Virtual, augmented reality may remake medical imaging

2016 12 01 14 05 56 103 Wearable2 200

Virtual reality (VR) and augmented reality (AR) technologies can help radiologists perceive 3D image data more intuitively and show promise for significantly enhancing both diagnostic and interventional radiology, according to a June 29 webinar sponsored by the Society for Imaging Informatics in Medicine (SIIM).

Although current devices have a number of important limitations, VR and AR are poised to have a major impact in the areas of diagnostic imaging, procedure training, image-guided intervention, and interdisciplinary collaboration, according to presenters from the University of Maryland School of Medicine.

"I think it's going to be a major game-changer for interventional radiology and for surgery; I believe it's going to be commonplace that it's ... used, particularly interventionally," said Dr. Eliot Siegel. "As far as diagnostic applications, if we're able to get the resolution and the comfort level significantly higher, I'm absolutely convinced that this is going to change the way we end up practicing."

Technology breakthroughs

VR and AR technologies have become widely available recently due to breakthroughs in optical head-mounted display devices, said Dr. Alaa Beydoun, a resident at the University of Maryland. He noted that virtual reality completely replaces one's environment and is highly immersive, while augmented reality supplements one's environment and allows users to see through the device.

Oculus Rift, HTC Vive, and Samsung Gear VR are all examples of VR technology. If you've seen the Pokémon Go app, you have experienced augmented reality technology, which superimposes virtual objects on the environment but without any spatial relationship to the environment. Google Glass and smartphones -- when not using computer vision technology -- are examples of space-agnostic AR, Beydoun said.

Another type of AR -- space-cognizant AR -- superimposes virtual objects on the surroundings; the virtual objects have spatial relationships with real objects in 3D space. Examples of space-cognizant AR devices include Microsoft HoloLens, Magic Leap, and ODG R9, Beydoun said.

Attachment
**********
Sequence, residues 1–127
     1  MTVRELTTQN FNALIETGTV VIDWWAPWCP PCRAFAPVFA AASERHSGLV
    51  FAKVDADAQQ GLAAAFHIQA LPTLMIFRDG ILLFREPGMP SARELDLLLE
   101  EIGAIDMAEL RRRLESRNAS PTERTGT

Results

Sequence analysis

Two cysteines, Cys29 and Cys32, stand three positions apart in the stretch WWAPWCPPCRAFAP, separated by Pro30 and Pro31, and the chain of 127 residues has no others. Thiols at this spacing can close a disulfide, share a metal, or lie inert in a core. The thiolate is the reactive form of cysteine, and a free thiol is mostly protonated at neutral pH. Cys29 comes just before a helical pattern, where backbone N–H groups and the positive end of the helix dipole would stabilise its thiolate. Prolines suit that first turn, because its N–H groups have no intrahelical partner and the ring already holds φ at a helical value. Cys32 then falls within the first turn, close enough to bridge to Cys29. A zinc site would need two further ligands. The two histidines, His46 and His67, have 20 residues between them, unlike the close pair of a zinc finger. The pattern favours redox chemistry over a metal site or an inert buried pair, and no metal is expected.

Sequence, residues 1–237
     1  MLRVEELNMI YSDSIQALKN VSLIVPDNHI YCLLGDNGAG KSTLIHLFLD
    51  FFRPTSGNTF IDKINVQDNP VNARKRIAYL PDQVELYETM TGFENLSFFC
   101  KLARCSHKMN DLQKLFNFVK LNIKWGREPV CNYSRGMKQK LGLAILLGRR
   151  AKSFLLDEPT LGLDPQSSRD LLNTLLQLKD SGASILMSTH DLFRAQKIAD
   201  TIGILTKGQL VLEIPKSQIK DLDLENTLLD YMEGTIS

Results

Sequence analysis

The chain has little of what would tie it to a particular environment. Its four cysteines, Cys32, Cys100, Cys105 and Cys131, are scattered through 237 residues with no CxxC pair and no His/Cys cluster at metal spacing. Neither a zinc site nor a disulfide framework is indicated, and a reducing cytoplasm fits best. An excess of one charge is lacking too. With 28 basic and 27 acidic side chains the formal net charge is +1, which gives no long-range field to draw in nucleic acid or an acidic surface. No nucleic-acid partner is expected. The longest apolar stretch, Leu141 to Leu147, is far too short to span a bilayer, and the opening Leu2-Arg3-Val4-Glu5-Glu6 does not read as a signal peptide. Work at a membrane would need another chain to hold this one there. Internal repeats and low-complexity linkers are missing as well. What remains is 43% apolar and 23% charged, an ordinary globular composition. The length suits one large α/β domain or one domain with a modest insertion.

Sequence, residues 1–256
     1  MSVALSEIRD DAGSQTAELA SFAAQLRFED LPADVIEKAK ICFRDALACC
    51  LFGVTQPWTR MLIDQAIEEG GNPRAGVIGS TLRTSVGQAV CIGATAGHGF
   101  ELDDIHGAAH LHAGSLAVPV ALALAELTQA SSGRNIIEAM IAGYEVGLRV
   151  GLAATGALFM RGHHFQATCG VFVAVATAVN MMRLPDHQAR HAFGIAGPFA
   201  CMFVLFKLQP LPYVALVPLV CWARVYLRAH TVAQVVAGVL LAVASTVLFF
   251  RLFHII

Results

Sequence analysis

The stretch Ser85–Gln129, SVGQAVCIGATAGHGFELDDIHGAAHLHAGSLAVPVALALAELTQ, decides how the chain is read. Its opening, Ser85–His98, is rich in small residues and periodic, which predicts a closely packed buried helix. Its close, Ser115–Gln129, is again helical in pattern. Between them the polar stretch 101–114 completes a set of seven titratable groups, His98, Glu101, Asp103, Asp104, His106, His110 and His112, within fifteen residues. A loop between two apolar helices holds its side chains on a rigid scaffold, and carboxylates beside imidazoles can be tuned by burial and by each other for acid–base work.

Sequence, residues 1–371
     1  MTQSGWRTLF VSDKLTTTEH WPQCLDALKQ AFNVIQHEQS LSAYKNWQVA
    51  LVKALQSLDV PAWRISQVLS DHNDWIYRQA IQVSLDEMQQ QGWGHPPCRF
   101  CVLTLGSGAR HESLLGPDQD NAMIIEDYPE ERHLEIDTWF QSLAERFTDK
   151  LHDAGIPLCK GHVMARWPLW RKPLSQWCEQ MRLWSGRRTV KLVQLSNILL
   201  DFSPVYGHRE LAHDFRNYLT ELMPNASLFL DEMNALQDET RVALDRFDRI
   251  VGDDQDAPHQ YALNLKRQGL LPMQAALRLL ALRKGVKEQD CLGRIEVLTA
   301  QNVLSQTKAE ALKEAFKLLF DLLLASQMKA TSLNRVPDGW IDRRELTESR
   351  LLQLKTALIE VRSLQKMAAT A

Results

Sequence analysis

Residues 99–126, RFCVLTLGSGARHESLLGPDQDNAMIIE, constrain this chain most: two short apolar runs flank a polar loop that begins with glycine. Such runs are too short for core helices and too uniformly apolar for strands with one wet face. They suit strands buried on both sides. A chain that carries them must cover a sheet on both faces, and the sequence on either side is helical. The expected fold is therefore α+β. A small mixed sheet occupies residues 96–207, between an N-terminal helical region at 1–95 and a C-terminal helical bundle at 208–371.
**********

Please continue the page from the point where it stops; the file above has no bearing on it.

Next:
The initial version of Google Glass was commercially available for the consumer market from February 2013 to January 2015 and featured voice input and a touch interface. Google Glass is still available for research and professional applications, and it has been used in healthcare for procedure and patient encounter recording, electronic medical record notification display, and telemedicine, Beydoun said.

Another device, Microsoft HoloLens, has been available since March 2016 and is priced at $3,000, rising to $5,000 with the inclusion of a commercial software suite. Healthcare applications for HoloLens include telemedicine, medical education, telemonitoring, and intuitive image fusion, Beydoun said.

Imaging implications

VR and AR could have a number of applications in diagnostic imaging, including the potential for supplementing traditional displays, said resident Dr. Vikash Gupta. AR displays could be created to provide easy access to the electronic health record and Web resources or to serve as additional PACS "monitors," he said.

"This allows the radiologists to have an eight-monitor setup, or even more, for a fraction of the cost [of purchasing more monitors]," Gupta said.

VR and AR workstations could enable deployment of fully customizable, virtual workstations that are mobile and have a small physical footprint. This could change how and where radiology is practiced, he said.

"Using this kind of an approach, we can have a fully customizable utility that can be based on user preferences such as hanging protocols or for how multiple studies are presented," Gupta said.

What's more, VR and AR workstations could provide an intuitive stereoscopic 3D viewer that can dynamically zoom, scale, and rotate images. Imaging could be perceived in real space by users, who could walk around a virtual object to appreciate subtle anatomic relationships.

Enhancing interventional procedures

Importantly, VR and AR technologies offer significant potential for interventional procedures, including providing simulation capabilities for training. VR and AR simulation centers could allow trainees to orient to the environment and the equipment, as well as to experience a variety of treatment scenarios and roles in a healthcare scenario, Gupta said.

These technologies can also yield an untethered display device that offers touch-free manipulation of images during image-guided procedures. While traditional monitors do not allow for hands and the display monitor to be in the same field-of-view for ultrasound-guided procedures, for example, AR could produce an unobtrusive, wireless, and available display, he said. This would allow users to focus on the procedure field.